Mart History

Mart, Texas, is a small town eighteen miles east of Waco on State Highway 164 in the eastern corner of McLennan County. Settlement in the area began shortly after the Civil War. The community was known as Willow Springs in the 1870s, but the name was changed to Mart when a post office was granted to the town in 1880. Residents chose this name because they expected the community to become an important commercial center.

In the mid-1880s, Mart had two steam gristmills and cotton gins, a church, two schools, and 150 residents; cotton and wheat were the principal cash crops grown in the area. The International and Great Northern Railroad completed a section of track  between Marlin and Waco shortly after 1900, bringing increased job opportunities to Mart and making outside markets more accessible. In 1901, residents voted to incorporate a mayor-council form of city government and to establish an independent school district. The First National Bank of Mart was organized in 1901, the Farmers and Merchants National Bank in 1904, and the First State Bank in 1909. Local improvements included sidewalks, paved streets, electric lights, and telephone facilities. Population estimates for Mart rose from 300 in 1900 to 2,939 in 1910. By 1914 the community had an ice factory, three cotton gins, a cotton oil mill, a daily and a weekly newspaper, and 3,000 residents.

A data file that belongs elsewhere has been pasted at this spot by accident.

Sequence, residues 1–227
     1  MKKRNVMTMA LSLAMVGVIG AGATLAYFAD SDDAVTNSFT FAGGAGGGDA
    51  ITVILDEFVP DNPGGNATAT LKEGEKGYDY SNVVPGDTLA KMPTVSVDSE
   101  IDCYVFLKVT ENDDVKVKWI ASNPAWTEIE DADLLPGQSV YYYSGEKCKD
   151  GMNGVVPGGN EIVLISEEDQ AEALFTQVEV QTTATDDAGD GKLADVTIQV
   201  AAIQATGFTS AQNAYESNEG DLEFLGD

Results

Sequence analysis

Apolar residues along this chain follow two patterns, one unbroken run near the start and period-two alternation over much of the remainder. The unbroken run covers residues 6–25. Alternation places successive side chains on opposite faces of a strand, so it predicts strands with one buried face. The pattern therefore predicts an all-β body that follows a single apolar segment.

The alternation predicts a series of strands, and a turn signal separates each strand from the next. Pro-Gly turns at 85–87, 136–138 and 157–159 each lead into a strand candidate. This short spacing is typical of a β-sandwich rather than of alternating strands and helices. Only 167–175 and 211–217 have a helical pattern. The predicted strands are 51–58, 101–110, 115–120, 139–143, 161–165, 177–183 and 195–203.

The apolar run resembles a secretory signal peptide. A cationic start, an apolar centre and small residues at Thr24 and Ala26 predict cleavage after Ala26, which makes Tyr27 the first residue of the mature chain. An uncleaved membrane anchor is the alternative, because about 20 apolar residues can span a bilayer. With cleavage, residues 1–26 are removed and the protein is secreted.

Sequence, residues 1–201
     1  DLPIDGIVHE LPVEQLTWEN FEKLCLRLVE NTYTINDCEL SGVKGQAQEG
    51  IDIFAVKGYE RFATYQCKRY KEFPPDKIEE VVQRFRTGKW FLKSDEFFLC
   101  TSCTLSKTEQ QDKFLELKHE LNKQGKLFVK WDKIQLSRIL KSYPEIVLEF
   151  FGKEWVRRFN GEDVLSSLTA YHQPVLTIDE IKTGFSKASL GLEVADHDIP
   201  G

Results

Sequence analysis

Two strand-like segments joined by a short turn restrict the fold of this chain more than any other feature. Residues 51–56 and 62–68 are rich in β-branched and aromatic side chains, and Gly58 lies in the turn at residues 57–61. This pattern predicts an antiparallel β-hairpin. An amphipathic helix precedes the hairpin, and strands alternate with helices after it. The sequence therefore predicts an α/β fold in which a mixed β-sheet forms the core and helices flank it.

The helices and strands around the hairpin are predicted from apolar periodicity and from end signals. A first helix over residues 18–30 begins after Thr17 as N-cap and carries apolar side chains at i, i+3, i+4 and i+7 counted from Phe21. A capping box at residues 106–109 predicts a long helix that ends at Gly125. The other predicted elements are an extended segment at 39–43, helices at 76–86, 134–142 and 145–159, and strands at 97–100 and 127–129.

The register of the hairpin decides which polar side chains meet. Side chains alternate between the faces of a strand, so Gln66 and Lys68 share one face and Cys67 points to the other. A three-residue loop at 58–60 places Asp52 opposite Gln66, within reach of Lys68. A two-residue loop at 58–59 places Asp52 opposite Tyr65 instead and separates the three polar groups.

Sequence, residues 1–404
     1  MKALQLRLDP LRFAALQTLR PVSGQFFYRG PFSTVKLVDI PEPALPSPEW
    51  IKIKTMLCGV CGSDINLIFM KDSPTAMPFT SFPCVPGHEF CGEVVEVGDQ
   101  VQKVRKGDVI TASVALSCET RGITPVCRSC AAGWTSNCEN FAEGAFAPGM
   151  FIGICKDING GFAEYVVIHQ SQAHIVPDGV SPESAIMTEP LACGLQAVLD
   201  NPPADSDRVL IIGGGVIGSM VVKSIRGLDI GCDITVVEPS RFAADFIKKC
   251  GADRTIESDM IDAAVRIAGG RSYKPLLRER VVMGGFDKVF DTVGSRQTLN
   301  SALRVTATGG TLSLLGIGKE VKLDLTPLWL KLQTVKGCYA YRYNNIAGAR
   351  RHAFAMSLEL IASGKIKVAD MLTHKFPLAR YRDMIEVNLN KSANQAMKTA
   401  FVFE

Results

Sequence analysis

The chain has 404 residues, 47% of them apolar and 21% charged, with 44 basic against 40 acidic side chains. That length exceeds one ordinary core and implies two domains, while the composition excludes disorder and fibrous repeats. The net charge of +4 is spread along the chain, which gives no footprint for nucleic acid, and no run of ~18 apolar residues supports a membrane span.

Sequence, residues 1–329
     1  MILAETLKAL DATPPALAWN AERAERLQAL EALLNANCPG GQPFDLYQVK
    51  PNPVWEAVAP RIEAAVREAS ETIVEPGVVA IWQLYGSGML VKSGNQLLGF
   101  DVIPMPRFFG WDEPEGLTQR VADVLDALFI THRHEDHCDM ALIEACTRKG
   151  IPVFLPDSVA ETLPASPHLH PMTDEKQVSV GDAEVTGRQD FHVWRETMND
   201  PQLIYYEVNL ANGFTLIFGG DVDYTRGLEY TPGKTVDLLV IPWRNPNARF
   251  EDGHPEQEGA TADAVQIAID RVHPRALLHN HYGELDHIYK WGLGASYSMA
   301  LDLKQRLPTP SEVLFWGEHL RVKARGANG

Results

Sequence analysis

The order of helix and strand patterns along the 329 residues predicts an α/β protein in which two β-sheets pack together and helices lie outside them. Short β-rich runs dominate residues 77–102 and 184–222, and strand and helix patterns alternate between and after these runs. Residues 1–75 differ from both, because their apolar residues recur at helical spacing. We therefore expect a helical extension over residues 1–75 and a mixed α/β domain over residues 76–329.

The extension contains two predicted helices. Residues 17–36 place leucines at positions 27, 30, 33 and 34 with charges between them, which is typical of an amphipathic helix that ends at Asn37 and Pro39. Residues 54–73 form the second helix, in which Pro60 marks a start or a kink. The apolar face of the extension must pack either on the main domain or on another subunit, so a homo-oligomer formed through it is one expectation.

Banks in Mart weathered the Great Depression fairly well. Though the State Bank merged with First National in 1931, the transition went smoothly, and patrons experienced no interruption in service. Economic hardship made itself felt instead through the decision of the railroad company to discontinue its passenger service through Mart and leave only limited freight operations. Many residents left to find jobs in larger cities. The number of residents in Mart fell from a high of 3,800 in 1929 to 2,853 in the early 1930s. A slow decline continued for the next several decades: the population was 2,273 in 1950, 2,197 in 1960, and 2,183 in 1970. The number of businesses decreased as well, falling from 102 in the 1950s to forty-eight in the 1970s.

The Missouri Pacific acquired a shorter Waco-to-Marlin route from the Southern Pacific in the late 1960s and completely abandoned its tracks through Mart, depriving the community of its remaining rail service and removing a sizeable payroll from the local economy. The Mart population dipped to 2,031 in the late 1970s but was 2,324 in 1982. It was 2,004 in 1990. By 2000 the population reached 2,273.

View the Oral History posts to learn more about different aspects of the Mart community.